Mission is...


Open Futuro wants to promote awareness about Open Source and Free Open Source Software (FOSS). Open Futuro has the commitment with the world community to show the advantages of these products and the benefits they can acquire if they embrace the use of them. For example, Open Source and FOSS can lower the cost of students education. Instead of acquiring non-open-source software to work on class presentations and research papers (with an approximate cost of $145) students can use (with no cost) which can fulfill the needs of the students. Situations like this can be seen in many industries and households where Open Source can help and Open Futuro wants to tell the world about it.


Open Source and FOSS are the future of software due to its innovation and quality. The world needs to know about the effort of these communities to develop better and free software. Free is a clear benefit for individuals and organizations. Individuals and organizations have useful tools at their disposal among the Open Source pool of software. No cost for the software translates to savings. Savings are equal to reducing the cost of operations.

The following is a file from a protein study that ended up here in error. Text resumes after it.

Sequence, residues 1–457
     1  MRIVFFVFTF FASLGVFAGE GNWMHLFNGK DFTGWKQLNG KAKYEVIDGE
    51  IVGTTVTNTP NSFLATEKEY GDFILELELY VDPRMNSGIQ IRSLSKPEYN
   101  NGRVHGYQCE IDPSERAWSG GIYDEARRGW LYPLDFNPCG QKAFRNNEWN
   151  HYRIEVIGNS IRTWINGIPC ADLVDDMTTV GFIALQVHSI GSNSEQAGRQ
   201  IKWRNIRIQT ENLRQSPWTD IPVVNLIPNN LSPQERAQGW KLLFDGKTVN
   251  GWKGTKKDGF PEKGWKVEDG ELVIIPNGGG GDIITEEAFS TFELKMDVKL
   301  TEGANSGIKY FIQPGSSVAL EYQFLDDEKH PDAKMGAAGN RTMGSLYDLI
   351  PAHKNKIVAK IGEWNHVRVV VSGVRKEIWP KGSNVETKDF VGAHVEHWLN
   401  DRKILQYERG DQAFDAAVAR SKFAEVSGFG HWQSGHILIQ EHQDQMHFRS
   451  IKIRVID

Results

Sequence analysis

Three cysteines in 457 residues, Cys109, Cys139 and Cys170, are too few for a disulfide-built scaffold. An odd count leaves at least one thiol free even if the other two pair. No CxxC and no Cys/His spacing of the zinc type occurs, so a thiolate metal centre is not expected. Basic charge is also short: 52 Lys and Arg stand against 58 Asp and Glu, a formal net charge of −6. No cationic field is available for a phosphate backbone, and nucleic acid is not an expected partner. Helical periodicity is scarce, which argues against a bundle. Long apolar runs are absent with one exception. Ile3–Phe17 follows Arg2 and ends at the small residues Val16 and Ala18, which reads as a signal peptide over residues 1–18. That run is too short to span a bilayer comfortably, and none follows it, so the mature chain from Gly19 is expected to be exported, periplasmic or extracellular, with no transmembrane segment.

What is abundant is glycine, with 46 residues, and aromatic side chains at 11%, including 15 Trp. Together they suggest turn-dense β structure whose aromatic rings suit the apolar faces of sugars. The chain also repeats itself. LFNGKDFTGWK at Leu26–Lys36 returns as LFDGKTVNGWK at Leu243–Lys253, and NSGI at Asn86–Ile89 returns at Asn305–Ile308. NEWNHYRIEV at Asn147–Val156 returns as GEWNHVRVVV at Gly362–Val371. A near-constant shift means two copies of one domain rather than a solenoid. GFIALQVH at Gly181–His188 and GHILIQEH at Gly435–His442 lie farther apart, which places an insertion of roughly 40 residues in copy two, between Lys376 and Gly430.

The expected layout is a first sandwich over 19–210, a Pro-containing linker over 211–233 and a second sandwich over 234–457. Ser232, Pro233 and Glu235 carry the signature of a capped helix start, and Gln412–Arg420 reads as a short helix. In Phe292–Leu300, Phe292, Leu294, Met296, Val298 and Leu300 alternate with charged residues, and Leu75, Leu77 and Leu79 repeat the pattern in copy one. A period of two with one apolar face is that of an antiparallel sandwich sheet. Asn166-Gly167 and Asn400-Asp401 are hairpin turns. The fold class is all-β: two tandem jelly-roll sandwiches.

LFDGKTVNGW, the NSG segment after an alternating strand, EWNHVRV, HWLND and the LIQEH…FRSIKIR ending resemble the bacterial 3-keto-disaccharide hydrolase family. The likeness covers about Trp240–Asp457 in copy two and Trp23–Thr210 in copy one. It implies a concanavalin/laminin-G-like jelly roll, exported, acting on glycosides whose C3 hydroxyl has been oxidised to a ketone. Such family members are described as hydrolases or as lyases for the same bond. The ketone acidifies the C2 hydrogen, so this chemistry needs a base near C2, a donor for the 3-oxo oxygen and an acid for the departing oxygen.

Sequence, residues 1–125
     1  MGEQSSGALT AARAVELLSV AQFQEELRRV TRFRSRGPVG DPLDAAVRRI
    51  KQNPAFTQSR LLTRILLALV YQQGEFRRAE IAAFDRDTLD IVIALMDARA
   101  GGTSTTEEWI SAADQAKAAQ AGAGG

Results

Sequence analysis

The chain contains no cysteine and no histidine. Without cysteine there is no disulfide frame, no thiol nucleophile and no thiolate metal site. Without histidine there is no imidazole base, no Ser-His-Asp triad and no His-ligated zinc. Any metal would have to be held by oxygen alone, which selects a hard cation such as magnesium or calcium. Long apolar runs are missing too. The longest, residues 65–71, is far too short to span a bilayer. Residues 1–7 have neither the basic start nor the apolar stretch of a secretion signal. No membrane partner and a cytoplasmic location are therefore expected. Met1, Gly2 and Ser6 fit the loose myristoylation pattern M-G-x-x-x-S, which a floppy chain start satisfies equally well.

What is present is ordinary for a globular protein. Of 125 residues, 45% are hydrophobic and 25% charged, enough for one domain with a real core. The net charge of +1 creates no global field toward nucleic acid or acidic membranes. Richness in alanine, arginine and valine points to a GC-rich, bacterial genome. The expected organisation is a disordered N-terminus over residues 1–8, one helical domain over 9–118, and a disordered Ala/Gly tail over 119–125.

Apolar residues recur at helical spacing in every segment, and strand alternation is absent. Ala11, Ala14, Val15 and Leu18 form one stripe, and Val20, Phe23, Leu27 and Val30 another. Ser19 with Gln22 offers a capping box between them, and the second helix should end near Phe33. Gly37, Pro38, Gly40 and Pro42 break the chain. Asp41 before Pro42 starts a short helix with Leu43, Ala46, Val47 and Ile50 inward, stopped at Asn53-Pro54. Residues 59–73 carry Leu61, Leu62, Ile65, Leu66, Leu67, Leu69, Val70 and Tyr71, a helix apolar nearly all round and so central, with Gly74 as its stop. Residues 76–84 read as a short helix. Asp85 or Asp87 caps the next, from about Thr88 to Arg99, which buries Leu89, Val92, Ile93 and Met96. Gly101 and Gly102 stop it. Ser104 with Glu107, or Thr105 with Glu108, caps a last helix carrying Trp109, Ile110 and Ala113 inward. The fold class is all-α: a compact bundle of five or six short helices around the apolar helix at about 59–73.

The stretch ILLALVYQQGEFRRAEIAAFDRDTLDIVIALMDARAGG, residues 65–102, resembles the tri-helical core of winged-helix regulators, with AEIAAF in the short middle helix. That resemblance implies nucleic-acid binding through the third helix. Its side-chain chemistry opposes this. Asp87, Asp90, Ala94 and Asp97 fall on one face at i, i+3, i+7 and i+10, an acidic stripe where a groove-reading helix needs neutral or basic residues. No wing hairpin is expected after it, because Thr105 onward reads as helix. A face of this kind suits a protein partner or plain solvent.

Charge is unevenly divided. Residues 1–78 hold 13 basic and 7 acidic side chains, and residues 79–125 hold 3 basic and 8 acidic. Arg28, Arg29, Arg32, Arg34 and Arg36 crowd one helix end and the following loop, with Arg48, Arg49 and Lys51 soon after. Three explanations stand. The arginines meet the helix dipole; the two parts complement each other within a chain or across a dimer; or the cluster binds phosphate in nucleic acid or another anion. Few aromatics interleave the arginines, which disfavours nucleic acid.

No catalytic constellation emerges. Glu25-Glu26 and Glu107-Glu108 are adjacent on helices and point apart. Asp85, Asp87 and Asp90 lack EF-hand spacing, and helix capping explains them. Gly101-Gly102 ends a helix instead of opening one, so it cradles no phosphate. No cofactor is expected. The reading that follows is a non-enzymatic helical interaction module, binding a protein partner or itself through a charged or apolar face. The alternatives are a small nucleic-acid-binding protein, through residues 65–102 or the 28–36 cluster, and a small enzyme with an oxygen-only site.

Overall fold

Open Software and FOSS can make education, government, non-for-profit organizations and individuals better by reducing the cost of operations related to software expenses.

Cost of Software Example

For example: If the cost of use for each copy of a software (license) is $1 dollar, and 11 copies are needed that is $11 dollars in total. Now, how much does each copy of the software the organization uses cost? If the software copy costs $150, then the total is $1,650. The formula could be expressed as follows:

  • Total cost of software = T
  • Cost of software = C
  • Software copies = S


T = C*S

A sample table for the Total Cost of Software formula is available. The Total Cost of Software table contains a colored range of cost in the following six ranges:

  1. From $0 to less than $150
  2. From $150 to less than $1,000
  3. From $1,000 to less than $7,500
  4. From $7,500 to less than $25,000
  5. From $25,000 to less than $100,000
  6. $100,000 and more

The compared cost to Open Source software is as follows:

  • Total cost of software = T
  • Cost of software = C = $0
  • Software copies = S


T = C*S

We do not need a table to illustrate this, because the result is always zero (0). Why is the result always zero? Because, Open Source is freely available to the public. That means it's free.


If you or your organization want to save money consider Open Source and Free Open Source Software.